Sure babies are cute, but they do some ugly things to our runner bodies. As I explained in my intro post, I didn’t train for a marathon until after I had my second child. Like many eager new running moms, I fell victim to “too much, too fast, too soon” after giving birth. I thought at seven months postpartum I was well past any potential injury related to labor and delivery, but I was wrong.
The bright side? I gained an increased awareness and understanding about what my body needed to stay strong and support a heavy training load. I especially learned a lot about my core and pelvic floor, which were perhaps the parts of my body most impacted by pregnancy and childbirth and, perhaps worse, the parts I most neglected.
The End of the World Injury
When my doctor gave me the green light at my four week postpartum check-up, I felt confident returning to running. After all, I ran through 90% of my pregnancy, had a 45 minute labour, and had already successfully returned to running after my son was born in 2012. Days, weeks, and months went by and I felt stronger all the time. By the time my daughter was five months old, I felt good enough to start training for that first marathon!
In March 2016, I was only seven weeks into an 18 week marathon training plan, seven months postpartum and still breastfeeding. Part way through my 21 mile long run, I hopped off an unusually high curb and felt my left side drop. I kept running, but something didn’t feel right. Then my left hip and lower back completely seized up. I went home, stretched, soaked in the tub and then went back outside to finish my run — NOT a smart move.
The next morning I woke up and I couldn’t walk. The panic started setting in. My chiropractor was on vacation so I booked an appointment with a different one and went in for an adjustment that morning. She discovered my pelvis was locked in a forward tilt and there was a lot of swelling. That week I alternated between massage and chiropractic care each day.
I noticed small improvements in my mobility, but still didn’t know exactly what was wrong with me. Another week of chiropractic care and massage, and I decided to look for a physiotherapist. That first physiotherapy appointment opened my eyes to what I was going through, and thankfully she didn’t think I was crazy for still thinking I could run a marathon in two months.
The diagnosis? I had sprained my sacroiliac (SI) joint. The impact of the curb jolted my pelvis and locked it forward as my ligaments were still very loose from giving birth and breastfeeding. My pelvic floor was incredibly weak, and my core wasn’t much better.
If I could go back in time, what nuggets of wisdom would I impart to myself to have a healthier postpartum return to training?
Rebuild Your Pelvic Floor and Core
Do not ignore your core or pelvic floor! Your pelvic floor muscles do a lot of heavy lifting during pregnancy, and especially during a vaginal delivery. It is not uncommon for there to be dysfunction with these muscles after giving birth. But the pelvic floor does so much more than keep us from peeing in our tights; these muscles are essential to maintaining hip stability. Likewise, pregnancy often does a number on our abdominal muscles too.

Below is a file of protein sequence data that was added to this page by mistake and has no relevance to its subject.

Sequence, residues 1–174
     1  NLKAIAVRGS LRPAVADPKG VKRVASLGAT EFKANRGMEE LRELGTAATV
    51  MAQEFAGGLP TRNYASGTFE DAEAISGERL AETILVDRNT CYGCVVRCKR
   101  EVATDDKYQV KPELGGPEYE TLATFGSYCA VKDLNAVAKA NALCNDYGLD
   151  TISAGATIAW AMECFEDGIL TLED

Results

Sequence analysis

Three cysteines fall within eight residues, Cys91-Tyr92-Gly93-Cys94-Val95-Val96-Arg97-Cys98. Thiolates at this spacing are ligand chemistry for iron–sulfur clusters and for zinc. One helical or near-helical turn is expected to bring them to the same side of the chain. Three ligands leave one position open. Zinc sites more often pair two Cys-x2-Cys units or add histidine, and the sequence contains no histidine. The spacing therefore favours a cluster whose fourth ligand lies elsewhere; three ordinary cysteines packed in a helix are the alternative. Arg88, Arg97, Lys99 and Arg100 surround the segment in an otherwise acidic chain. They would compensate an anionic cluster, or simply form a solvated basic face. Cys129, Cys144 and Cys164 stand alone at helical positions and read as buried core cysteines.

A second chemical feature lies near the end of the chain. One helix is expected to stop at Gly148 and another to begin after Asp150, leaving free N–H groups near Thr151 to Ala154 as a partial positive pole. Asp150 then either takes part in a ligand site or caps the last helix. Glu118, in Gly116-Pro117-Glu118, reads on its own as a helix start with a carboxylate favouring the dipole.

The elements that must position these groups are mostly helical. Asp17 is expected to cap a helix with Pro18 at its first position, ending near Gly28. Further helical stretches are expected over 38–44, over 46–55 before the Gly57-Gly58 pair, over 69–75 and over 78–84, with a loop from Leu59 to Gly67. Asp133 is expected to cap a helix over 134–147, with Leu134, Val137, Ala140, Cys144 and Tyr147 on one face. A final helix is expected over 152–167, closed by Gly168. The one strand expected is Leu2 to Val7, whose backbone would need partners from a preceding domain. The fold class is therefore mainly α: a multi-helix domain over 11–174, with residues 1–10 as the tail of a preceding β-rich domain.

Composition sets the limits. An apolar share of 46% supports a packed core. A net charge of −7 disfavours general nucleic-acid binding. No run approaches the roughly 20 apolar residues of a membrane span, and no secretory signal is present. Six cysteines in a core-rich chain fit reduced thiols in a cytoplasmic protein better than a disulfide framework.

Postpartum pelvic floor and core strengthening are essential, and the two of them go hand in hand. The strengthening routine my physiotherapist gave me focused heavily on engaging my transversus abdominis (TVA). It’s the least sexy ab muscle in the human body, but probably the most important one. It’s key to maintaining spine and hip stability. By actively engaging this area, especially when running, I noticed a decrease in lower back pain and a more stable pelvis. I am now much more aware of this area and the role it plays in injury-free running.
If your OB or midwife checks you out and thinks you’re not suffering from a severe dysfunction of either your pelvic floor or your core, ease into a restrengthening routine. For the pelvic floor, consistent Kegels are the most recommended exercise for restrengthening the pelvic floor, although core exercises like bridge and plank also engage the pelvic floor. You can begin Kegels as soon as you can do them pain-free.
As for core, wait until you get the go-ahead from your doctor because you can make an ab separation, a common post-birth condition called diastasis recti, worse by doing conventional ab workouts like crunches and planks. Once you get the go-ahead ease back into core work slowly, consistently, and gently.
I assumed I didn’t have pelvic floor issues, as I wasn’t peeing my pants, but you know what they say about assuming, right? When returning to running after childbirth, I wish I had consulted with a physiotherapist or pelvic floor specialist sooner. If you can afford to see a postpartum specialist to assess your weaknesses and make a plan to regain strength and re-balance your body, it’s worth it.
But if you’re experiencing signs of pelvic floor or core dysfunction, like incontinence while running, pain in the pubic area, back pain, etc., seek help of a medical professional to get yourself back on track and ready to run like a boss again.
Until I got injured, I didn’t realize anything was wrong. Had the injury not happened when it did, I could have been sidelined with something even worse, further into my training, which could have resulted in missing the marathon. In my situation, I found that a combination of PT, chiropractic and massage helped me bring balance back to my muscles. Almost a year after this injury, I keep up this routine in order to remain strong and help to prevent injuries.
Did you have pelvic floor issues after returning to running after having a baby? How did you overcome them?
*The information above is based on my experience with an SI Joint sprain after giving birth. This is not medical advice and I am not a medical practitioner. Always consult a professional before returning to running after having a baby or experiencing an injury.